Barun De (who died on Tuesday after a protracted illness) cannot just be considered a fountain of knowledge on the history of colonial India. He was a teacher who believed in the oral intellectual tradition of Bengal and one who provided a larger perspective on events, thanks to his training as a historian. So, his students, who had the opportunity to hear him speak, benefited the most from his deep erudition.

Personally, I feel Barun De was a great conversationalist and fully enjoyed a typical Bengali adda (informal chat sessions). I was never his formal student but I learnt a great deal from him in informal settings.

His work focussed on the British colonial rule during the 18 century and early 19 century. In the early part of his life, he wrote about the British colonial period particularly about a military leader, Henry Dundas. In the latter part of his life, he wrote essays on Bengal Renaissance.

His DPhil thesis in Oxford was on Dundas, better known for his role in Britain’s wars against France. It was Barun De who highlighted Dundas’s role in the British colonial conquest of India in the late 18 and early 19 century.

Barun De edited an important collection called “Perspectives in Social Sciences” and wrote essays in honour of Sushobhan Sarkar, who was his teacher at the Presidency College. Yet, he did not write or publish as much as he might have. He had an encyclopaedic knowledge and, as a teacher, was helpful to many budding historians.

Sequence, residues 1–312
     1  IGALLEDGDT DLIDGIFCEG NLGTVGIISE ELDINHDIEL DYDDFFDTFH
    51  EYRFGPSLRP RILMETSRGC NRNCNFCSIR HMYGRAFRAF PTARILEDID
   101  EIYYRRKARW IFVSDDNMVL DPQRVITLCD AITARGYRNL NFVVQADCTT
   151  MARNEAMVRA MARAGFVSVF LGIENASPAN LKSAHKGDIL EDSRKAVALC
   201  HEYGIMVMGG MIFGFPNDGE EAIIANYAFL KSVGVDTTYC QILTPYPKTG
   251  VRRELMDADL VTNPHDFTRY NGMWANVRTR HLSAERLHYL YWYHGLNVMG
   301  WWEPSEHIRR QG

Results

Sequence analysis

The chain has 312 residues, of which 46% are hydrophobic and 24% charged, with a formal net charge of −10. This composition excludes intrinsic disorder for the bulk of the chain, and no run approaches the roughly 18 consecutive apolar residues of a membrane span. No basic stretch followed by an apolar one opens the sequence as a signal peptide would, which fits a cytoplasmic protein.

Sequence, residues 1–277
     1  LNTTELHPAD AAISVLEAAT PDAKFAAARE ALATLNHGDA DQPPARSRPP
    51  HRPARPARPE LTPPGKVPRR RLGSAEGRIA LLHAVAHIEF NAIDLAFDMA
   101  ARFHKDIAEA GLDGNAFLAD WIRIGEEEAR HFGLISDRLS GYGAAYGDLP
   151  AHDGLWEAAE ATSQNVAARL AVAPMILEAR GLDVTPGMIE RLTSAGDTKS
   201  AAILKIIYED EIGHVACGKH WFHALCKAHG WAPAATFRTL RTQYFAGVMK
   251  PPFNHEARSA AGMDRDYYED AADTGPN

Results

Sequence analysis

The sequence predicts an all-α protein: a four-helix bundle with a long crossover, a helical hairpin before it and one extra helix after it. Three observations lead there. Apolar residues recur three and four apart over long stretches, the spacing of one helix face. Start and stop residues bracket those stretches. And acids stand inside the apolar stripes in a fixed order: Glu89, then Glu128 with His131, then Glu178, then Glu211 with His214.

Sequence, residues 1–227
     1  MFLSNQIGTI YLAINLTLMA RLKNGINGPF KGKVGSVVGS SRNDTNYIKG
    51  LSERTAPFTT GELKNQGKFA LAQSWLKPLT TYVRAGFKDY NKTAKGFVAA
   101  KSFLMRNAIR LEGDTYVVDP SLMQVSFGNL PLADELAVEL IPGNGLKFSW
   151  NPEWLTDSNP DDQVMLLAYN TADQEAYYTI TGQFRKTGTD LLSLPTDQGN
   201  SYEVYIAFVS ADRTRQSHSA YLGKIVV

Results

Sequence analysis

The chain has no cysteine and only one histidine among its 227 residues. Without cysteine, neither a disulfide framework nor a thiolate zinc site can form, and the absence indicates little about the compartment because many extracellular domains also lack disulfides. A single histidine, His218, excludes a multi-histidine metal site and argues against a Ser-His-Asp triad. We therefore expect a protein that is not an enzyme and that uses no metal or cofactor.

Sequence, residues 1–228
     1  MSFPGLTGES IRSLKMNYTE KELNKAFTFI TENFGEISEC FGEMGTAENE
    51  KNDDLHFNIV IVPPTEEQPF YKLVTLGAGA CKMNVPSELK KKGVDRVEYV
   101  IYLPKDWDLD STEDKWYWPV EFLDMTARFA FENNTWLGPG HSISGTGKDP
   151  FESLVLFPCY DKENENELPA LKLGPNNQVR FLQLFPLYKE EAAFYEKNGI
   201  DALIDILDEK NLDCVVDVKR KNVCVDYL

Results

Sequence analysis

In the latter part of his life, he wrote essays on the Bengal Renaissance. In Bengal, we tend to celebrate the great Renaissance of the 19 century. However, Barun De had a critical perspective on its colonial context from a Marxist point of view.

He had a sterling presence in the city’s intellectual circle. In addition to being a fine academician, he was also an institution builder, a rare quality among teachers. He was founder-director of two important institutions — one, the Centre for Studies in Social Sciences, which he set up in 1973 and that we used to refer to as “Barun De Centre”; the other, the Maulana Azad Institute of Asian Studies, set up in 1993.

I have heard stories of how in the late 1950s, four major academic personalities — economist Amartya Sen, historians Tapan Raychaudhuri, Partha Sarathi Gupta and Barun De — travelled together in a ship headed to England. With the demise of Barun De, we have lost a key member of a galaxy of great intellectuals of that generation.

My first association with Barun De was when I was an undergraduate student at Presidency College. The last time I saw him alive was in January 2013 at the Sisir Kumar Bose Memorial Lecture, an annual lecture in the name of my father. He had come to listen to a lecture by the British historian Robert Travers on “Post-Plassey Bengal”.

As usual, Barun De stood up from the audience and asked the most intelligent and perceptive question and made the most insightful comment after the lecture.

(As told to The Hindu)

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